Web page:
If ever there was a case of the media building up and then knocking down a band, it was the one involving Fleetwood Mac in the late-'70s and early-'80s. The critics cheered when the group—newly energized by the addition of Lindsey Buckingham and Stevie Nicks—delivered its chart-topping eponymous album in 1975 and the even better Rumours a year later. But many of those same critics spoke less kindly of the follow-up to Rumours, 1979’s Tusk. According to them, it eschewed commercialism in favor of self-indulgent experimentation, though major experimentation was in fact largely limited to the excellent title cut. Then, when the group reverted to fully accessible form on its next studio album, 1982’s Mirage, reviewers griped that the band was going backwards; never mind that this radio-friendly LP delivered exactly what the critics claimed was missing in its predecessor.
Well, as I noted last year, Tusk ranks among the most underrated albums of the rock era. But Mirage—which Fleetwood Mac’s members recorded in France after pursuing solo projects—is arguably even more underrated. Rolling Stone, for example, allowed that it found the group returning to “simple pleasures” but awarded it only three stars and said “the band seems to have lost its spirit.”
As the fans who took the album to the top of the charts apparently knew, nothing could be further from the truth. This is the sound of a band at the peak of its powers, delivering one great piece of ear candy after another. The melodies are irresistible, the hooks will hook you, and the harmony vocals are impeccable. “Love in Store,” “Hold Me,” and Stevie Nicks’s “Gypsy,” the album’s three hit singles, are all on a par with the tracks on Rumours, and “Only Over You”—which Christine McVie dedicated to the Beach Boys’ Dennis Wilson, her love at the time—ranks with her most sublime efforts. And I defy anyone to turn down the volume during the infectious “Oh Diane,” which draws inspiration from early pop/rock.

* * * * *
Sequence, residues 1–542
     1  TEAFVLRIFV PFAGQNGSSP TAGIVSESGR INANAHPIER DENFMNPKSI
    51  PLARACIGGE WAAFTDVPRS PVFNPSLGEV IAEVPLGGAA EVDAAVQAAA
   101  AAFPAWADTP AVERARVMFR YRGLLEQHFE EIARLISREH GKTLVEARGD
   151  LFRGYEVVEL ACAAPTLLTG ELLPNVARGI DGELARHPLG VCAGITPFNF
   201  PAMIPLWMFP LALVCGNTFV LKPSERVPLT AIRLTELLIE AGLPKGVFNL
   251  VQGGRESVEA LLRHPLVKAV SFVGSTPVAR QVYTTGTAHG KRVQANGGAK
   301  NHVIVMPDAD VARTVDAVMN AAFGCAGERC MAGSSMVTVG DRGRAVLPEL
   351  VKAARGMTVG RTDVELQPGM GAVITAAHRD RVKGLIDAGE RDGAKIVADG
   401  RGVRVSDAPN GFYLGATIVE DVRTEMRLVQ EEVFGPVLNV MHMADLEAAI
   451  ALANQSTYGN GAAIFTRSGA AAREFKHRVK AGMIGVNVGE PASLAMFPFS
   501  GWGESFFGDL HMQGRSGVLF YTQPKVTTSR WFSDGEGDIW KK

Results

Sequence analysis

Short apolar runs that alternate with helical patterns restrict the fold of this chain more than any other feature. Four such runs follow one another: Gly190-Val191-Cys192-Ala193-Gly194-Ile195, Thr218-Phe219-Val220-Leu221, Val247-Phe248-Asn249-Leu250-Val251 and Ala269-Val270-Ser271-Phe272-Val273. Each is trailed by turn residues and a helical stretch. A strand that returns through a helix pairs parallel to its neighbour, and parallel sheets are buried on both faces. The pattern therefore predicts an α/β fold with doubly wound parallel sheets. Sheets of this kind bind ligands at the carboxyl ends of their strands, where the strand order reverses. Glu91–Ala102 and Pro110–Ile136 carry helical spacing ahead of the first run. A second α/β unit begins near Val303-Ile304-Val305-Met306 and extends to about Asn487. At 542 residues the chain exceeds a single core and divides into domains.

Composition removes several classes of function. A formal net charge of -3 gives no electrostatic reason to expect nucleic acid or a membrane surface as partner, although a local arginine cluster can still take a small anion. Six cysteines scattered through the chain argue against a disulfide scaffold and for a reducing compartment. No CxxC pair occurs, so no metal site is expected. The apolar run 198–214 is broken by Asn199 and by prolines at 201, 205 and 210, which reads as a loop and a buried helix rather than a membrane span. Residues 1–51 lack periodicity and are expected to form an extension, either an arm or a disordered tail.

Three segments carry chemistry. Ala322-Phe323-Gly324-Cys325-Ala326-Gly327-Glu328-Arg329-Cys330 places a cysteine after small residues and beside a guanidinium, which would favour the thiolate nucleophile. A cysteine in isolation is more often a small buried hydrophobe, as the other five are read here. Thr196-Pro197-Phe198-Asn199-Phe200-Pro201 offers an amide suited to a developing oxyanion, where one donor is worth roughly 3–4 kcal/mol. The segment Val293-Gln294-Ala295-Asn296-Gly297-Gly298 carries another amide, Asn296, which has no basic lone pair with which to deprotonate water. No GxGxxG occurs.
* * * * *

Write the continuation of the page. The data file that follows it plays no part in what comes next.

This deluxe edition of Mirage, the latest in a series of Fleetwood Mac reissues, contains three CDs, an audio-only DVD, a vinyl LP of the original album, and a 12-page, oversized booklet that includes lyrics, credits, photos, and liner notes. Disc one preserves a remastered version of the original album while the second CD collects 20 oddities, including outtakes, demos, and alternate takes, all but three of them previously unreleased. Some of the early renditions of tunes that wound up on Mirage pale by comparison with the final recordings, but fans should enjoy such curiosities as “Suma’s Walk,” the instrumental that evolved into “Can’t Go Back” and a somewhat stripped-down version of “Oh Diane.” And there are some gems here as well, most notably “Goodbye Angel,” which features a compelling lead vocal by Buckingham.
If you already own the original Mirage, though, the biggest reasons to upgrade to this package are CD number three and the audio DVD. The former preserves 13 songs culled from an October 1982 concert at the Forum in Los Angeles, including Mirage’s “Gypsy,” “Eyes of the World,” and “Love in Store” plus such earlier high points as “You Make Loving Fun,” “Go Your Own Way,” and “Rhiannon.” As for the DVD, it features a spectacular 5.1 mix of the original album, plus a reading of “Cool Water,” the Western classic popularized by the Sons of the Pioneers, that shows off the Mac’s vocal prowess. On a good sound system, even longtime fans of Mirage will hear things in this immersive mix that they never heard before.